The Virus Problem

Even though a rootkit is not a virus, the techniques used by a rootkit can easily be employed by a virus. When a rootkit is combined with a virus, a very dangerous technology is born.

The world has seen what viruses can do. Some virus programs have spread through millions of computers in only a few hours.

The most common operating system, Microsoft Windows, has historically been plagued with software bugs that allow viruses to infect computers over the Internet. Most malicious hackers will not reveal software bugs to the vendor. In other words, if a malicious hacker were to find an exploitable bug in Microsoft Windows, she would not reveal this to Microsoft. An exploitable bug that affects the default installation of most Windows computers is like a "key to the kingdom"; telling the vendor about it would be giving away the key.

Understanding rootkit technology is very important for defending against viruses. Virus programmers have been using rootkit technology for many years to "heat up" their viruses. This is a dangerous trend. Algorithms have been published for virus propagation [19] that can penetrate hundreds of thousands of machines in an hour. Techniques exist for destroying computer systems and hardware. And, remotely exploitable holes in Microsoft Windows are not going away. Viruses that use rootkit technology are going to be harder to detect and prevent.

Rootkits and Software Exploits

Software exploitation is an important subject relating to rootkits. (How software can break and be exploited is not covered in this book. If you're interested in software exploitation, we recommend the book Exploiting Software. [20] )

Although a rootkit is not an exploit, it may be employed as part of an exploit tool (for example, in a virus or spyware).

The threat of rootkits is made strong by the fact that software exploits are in great supply. For example, a reasonable conjecture is that at any given time, there are more than a hundred known working exploitable holes in the latest version of Microsoft Windows. [21] For the most part, these exploitable holes are known by Microsoft and are being slowly managed through a quality-assurance and bug-tracking system. [22] Eventually, these bugs are fixed and silently patched. [23]

Some exploitable software bugs are found by independent researchers and never reported to the software vendor. They are deadly because nobody knows about them accept the attacker. This means there is little to no defense against them (no patch is available).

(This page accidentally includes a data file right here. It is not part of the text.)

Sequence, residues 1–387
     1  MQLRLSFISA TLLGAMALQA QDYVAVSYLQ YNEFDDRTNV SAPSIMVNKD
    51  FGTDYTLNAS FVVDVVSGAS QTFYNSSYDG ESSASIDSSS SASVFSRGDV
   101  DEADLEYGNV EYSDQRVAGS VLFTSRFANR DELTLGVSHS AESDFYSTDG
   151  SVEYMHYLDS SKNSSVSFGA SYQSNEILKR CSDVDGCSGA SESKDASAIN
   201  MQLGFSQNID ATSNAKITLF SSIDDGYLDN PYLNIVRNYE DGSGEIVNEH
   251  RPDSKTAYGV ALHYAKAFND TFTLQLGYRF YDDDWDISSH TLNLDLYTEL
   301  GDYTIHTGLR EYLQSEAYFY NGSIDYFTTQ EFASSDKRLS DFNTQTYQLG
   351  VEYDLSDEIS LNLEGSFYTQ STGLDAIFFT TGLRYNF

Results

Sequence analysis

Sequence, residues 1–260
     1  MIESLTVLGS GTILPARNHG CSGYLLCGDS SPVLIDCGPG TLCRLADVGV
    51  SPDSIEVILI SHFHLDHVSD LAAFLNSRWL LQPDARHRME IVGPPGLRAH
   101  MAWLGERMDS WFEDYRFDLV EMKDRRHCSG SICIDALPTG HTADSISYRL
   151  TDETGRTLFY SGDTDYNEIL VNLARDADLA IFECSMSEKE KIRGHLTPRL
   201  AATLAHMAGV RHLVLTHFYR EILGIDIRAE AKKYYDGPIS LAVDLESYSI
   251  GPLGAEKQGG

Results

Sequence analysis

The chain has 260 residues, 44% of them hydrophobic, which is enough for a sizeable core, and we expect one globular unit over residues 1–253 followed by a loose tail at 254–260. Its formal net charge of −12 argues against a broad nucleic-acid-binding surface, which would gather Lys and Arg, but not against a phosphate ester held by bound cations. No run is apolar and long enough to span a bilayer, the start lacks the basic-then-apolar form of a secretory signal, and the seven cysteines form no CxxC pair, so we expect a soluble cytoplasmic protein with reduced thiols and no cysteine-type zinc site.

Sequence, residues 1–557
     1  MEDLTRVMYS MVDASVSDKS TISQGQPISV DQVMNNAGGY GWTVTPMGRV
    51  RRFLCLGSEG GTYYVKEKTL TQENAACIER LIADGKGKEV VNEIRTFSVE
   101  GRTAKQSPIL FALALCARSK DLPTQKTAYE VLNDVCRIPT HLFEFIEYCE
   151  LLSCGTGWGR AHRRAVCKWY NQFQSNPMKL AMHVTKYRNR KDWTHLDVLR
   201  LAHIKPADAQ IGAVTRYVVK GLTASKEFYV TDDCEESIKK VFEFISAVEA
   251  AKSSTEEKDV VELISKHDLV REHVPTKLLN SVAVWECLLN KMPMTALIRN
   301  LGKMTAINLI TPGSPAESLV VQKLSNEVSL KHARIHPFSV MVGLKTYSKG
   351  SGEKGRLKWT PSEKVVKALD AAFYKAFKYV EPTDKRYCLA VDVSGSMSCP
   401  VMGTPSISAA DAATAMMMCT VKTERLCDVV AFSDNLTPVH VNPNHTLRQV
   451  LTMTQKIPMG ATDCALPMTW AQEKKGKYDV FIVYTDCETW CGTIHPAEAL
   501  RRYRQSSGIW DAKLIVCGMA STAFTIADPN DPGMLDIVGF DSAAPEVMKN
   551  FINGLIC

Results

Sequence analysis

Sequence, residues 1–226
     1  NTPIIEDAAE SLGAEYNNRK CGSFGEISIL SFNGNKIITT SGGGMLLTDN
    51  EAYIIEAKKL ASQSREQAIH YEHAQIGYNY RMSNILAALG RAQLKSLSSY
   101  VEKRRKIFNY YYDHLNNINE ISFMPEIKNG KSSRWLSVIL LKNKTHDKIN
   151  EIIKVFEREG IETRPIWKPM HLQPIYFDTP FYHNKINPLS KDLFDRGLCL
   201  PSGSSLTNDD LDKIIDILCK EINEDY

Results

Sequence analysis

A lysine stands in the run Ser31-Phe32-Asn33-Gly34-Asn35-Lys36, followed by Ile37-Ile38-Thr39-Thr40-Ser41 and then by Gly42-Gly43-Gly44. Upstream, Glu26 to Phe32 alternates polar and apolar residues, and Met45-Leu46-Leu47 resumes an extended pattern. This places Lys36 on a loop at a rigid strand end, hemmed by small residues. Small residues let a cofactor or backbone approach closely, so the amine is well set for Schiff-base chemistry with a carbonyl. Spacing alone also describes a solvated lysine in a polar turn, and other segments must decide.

Many exploits that have been publicly known for more than a year are still being widely exploited today. Even if there is a patch available, most system administrators don't apply the patches in a timely fashion. This is especially dangerous since even if no exploit program exists when a security flaw is discovered, an exploit program is typically published within a few days after release of a public advisory or a software patch.

Although Microsoft takes software bugs seriously, integrating changes by any large operating system vendor can take an inordinate amount of time.

When a researcher reports a new bug to Microsoft, she is usually asked not to release public information about the exploit until a patch can be released. Bug fixing is expensive and takes a great deal of time. Some bugs aren't fixed until several months after they are reported.

One could argue that keeping bugs secret encourages Microsoft to take too long to release security fixes. As long as the public doesn't know about a bug, there is little incentive to quickly release a patch. To address this tendency, the security company eEye has devised a clever method to make public the fact that a serious vulnerability has been found, but without releasing the details.

Figure 1-2, which comes from eEye's Web site, [24] shows a typical advisory. It details when the bug was reported to a vendor, and by how many days the vendor patch is "overdue," based on the judgment that a timely response would be release of a patch within 60 days. As we have seen in the real world, large software vendors take longer than 60 days. Historically, it seems the only time a patch is released within days is when a real Internet worm is released that uses the exploit.

Figure 1-2 Method used by eEye to "pre-release" a security advisory.

Copyright ©2021 Caendra, Inc.

Contact Us

Thoughts, suggestions, issues? Send us an email, and we'll get back to you.


Sign in with Caendra

Forgot password?Sign up

Forgot your details?